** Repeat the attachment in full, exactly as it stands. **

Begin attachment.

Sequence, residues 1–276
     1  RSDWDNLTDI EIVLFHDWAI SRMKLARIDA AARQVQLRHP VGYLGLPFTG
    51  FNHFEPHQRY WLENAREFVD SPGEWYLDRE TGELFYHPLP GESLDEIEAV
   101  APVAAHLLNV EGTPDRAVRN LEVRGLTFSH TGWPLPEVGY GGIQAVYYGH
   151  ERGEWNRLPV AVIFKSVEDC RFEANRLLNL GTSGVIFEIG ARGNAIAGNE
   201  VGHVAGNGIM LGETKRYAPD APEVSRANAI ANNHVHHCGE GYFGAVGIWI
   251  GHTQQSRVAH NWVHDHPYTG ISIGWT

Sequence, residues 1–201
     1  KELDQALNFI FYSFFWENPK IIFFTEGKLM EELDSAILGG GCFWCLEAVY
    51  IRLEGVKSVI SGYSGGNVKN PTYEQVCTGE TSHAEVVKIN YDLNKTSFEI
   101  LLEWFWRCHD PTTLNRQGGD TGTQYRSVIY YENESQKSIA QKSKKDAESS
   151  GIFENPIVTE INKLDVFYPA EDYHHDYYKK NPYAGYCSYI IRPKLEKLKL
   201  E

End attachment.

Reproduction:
Sequence, residues 1–276
     1  RSDWDNLTDI EIVLFHDWAI SRMKLARIDA AARQVQLRHP VGYLGLPFTG
    51  FNHFEPHQRY WLENAREFVD SPGEWYLDRE TGELFYHPLP GESLDEIEAV
   101  APVAAHLLNV EGTPDRAVRN LEVRGLTFSH TGWPLPEVGY GGIQAVYYGH
   151  ERGEWNRLPV AVIFKSVEDC RFEANRLLNL GTSGVIFEIG ARGNAIAGNE
   201  VGHVAGNGIM LGETKRYAPD APEVSRANAI ANNHVHHCGE GYFGAVGIWI
   251  GHTQQSRVAH NWVHDHPYTG ISIGWT

Sequence, residues 1–201
     1  KELDQALNFI FYSFFWENPK IIFFTEGKLM EELDSAILGG GCFWCLEAVY
    51  IRLEGVKSVI SGYSGGNVKN PTYEQVCTGE TSHAEVVKIN YDLNKTSFEI
   101  LLEWFWRCHD PTTLNRQGGD TGTQYRSVIY YENESQKSIA QKSKKDAESS
   151  GIFENPIVTE INKLDVFYPA EDYHHDYYKK NPYAGYCSYI IRPKLEKLKL
   201  E